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Centamin and Endeavour go separate ways

Gold producers Centamin and Endeavour have abandoned plans to merge, with the former pointing to a lowball offer and the latter citing a lack of information provided during the due diligence process.
Centamin and Endeavour go separate ways Centamin and Endeavour go separate ways Centamin and Endeavour go separate ways Centamin and Endeavour go separate ways Centamin and Endeavour go separate ways

Centamin's Sukari mine in Egypt

Staff reporter

Centamin said in a statement on Tuesday the £1.47 billion offer from Endeavour "materially undervalued Centamin and its prospects".

"After a period of constructive engagement, Centamin and Endeavour have not reached agreement on value and have therefore terminated discussions. We are highly confident in our growth strategy, which includes but is not limited to value-accretive diversification," said Centamin's deputy non-exec chairman Jim Rutherford.

While Centamin said its decision to reject the offer followed "a comprehensive and reciprocal due diligence process", the Canadian company clearly saw things differently.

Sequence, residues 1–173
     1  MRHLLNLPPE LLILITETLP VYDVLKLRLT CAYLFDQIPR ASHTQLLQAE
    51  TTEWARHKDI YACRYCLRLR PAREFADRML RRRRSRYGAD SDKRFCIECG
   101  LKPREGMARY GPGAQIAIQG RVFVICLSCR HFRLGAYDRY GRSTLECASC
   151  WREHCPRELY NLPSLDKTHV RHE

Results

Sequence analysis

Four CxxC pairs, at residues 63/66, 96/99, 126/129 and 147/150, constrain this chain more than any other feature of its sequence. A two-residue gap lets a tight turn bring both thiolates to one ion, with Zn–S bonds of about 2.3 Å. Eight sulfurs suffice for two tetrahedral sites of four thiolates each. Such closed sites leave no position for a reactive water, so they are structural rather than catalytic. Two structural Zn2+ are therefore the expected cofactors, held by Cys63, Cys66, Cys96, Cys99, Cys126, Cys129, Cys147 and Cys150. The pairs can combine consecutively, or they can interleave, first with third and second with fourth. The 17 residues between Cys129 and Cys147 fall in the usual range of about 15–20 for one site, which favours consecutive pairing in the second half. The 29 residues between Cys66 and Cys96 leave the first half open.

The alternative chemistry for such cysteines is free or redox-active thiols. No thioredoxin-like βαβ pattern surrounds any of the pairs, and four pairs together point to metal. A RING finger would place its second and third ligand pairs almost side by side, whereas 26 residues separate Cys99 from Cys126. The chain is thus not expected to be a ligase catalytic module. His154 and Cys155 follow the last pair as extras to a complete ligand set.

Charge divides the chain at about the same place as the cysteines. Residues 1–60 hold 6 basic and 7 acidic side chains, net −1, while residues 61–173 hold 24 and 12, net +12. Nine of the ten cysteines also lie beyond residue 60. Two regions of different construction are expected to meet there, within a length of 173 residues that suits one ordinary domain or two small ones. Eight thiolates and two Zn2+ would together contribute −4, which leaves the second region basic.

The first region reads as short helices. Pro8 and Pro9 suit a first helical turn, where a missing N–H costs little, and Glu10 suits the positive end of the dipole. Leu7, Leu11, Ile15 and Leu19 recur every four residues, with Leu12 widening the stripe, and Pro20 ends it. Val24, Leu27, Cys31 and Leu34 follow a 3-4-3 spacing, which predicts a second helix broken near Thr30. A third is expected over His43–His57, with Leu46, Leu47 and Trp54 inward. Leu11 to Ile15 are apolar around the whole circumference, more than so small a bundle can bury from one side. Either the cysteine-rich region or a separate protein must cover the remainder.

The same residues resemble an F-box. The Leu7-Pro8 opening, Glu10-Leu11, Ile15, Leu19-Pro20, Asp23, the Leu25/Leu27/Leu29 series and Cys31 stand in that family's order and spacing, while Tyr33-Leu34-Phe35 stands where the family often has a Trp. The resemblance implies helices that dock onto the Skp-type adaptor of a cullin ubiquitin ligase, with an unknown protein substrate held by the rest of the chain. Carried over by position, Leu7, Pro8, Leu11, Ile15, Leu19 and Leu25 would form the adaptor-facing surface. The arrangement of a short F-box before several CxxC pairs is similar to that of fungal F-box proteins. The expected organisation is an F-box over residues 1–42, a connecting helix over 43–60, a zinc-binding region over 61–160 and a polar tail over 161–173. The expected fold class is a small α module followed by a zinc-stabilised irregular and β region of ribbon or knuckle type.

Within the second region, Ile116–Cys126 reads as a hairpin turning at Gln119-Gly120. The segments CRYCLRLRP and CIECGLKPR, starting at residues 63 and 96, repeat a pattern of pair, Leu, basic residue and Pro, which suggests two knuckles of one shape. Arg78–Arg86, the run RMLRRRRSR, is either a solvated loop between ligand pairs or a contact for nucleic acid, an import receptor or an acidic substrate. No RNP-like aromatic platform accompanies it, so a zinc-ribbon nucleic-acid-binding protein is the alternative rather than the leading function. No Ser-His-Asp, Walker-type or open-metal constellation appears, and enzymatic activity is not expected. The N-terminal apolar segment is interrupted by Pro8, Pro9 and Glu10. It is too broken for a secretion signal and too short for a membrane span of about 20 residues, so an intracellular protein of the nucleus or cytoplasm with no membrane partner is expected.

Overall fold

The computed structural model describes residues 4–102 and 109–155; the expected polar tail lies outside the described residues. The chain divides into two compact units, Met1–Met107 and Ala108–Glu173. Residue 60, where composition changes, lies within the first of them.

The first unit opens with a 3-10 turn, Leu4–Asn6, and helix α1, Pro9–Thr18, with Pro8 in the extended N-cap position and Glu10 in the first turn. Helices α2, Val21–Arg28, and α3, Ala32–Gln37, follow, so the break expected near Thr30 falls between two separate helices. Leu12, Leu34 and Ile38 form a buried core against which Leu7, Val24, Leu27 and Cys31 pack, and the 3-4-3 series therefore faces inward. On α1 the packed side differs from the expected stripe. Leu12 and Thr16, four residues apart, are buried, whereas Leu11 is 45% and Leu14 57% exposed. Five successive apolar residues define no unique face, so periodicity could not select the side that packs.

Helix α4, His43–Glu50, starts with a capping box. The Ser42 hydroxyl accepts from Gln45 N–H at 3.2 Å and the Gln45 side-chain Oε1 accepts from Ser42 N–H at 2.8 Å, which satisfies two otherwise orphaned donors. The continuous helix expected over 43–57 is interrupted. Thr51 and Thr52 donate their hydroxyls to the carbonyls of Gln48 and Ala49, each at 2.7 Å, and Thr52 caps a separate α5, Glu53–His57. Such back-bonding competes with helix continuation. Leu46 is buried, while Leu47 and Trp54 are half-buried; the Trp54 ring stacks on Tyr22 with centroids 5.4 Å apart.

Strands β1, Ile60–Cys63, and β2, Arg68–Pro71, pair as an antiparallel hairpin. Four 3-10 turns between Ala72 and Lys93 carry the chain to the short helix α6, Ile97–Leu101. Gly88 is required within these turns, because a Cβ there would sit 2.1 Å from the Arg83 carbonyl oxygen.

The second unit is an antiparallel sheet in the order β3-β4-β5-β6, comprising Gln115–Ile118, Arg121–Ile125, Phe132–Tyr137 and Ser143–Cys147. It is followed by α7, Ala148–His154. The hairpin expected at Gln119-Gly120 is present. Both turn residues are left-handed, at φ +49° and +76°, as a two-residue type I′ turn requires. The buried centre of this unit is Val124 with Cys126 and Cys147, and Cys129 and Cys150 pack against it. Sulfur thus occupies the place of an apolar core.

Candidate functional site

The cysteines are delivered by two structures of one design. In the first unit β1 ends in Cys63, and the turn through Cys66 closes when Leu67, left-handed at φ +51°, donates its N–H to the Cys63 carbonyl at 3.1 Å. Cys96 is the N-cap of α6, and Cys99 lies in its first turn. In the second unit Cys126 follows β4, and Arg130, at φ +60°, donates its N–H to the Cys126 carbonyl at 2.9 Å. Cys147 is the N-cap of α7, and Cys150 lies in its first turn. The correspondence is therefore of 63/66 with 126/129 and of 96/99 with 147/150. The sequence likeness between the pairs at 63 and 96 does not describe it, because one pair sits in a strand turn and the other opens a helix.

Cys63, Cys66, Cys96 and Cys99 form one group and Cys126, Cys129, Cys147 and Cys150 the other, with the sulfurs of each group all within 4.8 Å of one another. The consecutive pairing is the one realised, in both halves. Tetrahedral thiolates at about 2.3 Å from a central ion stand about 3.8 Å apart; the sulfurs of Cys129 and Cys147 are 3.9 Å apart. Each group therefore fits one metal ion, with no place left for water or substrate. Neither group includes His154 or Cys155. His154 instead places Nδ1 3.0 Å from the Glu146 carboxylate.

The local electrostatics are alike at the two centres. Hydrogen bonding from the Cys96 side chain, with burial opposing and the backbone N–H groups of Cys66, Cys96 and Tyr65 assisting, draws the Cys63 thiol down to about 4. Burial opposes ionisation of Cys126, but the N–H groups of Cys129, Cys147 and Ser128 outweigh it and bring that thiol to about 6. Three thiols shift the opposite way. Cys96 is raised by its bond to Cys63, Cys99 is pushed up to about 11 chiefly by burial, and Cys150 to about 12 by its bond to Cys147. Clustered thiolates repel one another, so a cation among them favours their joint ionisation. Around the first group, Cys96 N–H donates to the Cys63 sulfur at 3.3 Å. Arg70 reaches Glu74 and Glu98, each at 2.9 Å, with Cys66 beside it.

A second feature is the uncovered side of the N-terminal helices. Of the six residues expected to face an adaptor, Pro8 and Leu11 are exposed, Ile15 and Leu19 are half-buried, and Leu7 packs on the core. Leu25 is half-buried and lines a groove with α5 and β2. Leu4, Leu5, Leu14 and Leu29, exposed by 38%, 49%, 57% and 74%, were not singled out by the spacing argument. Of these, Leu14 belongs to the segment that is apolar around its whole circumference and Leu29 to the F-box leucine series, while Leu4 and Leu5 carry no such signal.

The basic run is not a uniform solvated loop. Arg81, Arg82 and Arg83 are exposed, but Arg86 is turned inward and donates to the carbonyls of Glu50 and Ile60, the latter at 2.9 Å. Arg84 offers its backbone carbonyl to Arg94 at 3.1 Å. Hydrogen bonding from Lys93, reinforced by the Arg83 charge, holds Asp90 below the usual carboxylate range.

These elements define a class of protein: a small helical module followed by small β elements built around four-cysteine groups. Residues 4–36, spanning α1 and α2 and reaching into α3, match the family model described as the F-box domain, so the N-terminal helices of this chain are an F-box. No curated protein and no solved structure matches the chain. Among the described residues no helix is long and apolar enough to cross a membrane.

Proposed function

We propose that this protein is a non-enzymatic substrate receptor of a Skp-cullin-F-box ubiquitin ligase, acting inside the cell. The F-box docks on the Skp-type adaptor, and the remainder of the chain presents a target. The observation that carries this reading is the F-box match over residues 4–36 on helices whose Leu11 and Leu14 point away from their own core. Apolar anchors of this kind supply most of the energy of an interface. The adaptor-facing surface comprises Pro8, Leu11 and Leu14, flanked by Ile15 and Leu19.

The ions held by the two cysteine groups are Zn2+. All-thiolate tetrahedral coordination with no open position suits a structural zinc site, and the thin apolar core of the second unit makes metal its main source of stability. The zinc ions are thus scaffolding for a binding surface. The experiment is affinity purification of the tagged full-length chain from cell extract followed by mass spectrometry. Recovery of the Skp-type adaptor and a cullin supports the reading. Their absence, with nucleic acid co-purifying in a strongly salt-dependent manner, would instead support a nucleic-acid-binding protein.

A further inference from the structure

"The quality of information received during the accelerated due diligence process has been insufficient to allow us to be confident that proceeding with a firm offer would have been in the best interests of Endeavour shareholders," Endeavour president and CEO Sebastien de Montessus said in a statement.

A merger would have put the combined entity in the world's top 15 gold producers, with annual output of 1.2 million ounces. Market value would have stood at a nominal US$3.8 billion.

Endeavour has five operating mines across West Africa, while Centamin's sole producing asset is the Sukari mine in Egypt.

London-listed Centamin (LSE: CEY) shares fell 4% on Tuesday morning following the news, from 128p to 121.85p. Its market capitalisation is £1.41 billion.